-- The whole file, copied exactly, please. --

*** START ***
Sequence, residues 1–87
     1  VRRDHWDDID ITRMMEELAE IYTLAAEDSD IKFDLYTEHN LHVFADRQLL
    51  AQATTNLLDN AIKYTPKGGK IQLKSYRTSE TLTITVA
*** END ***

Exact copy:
Sequence, residues 1–87
     1  VRRDHWDDID ITRMMEELAE IYTLAAEDSD IKFDLYTEHN LHVFADRQLL
    51  AQATTNLLDN AIKYTPKGGK IQLKSYRTSE TLTITVA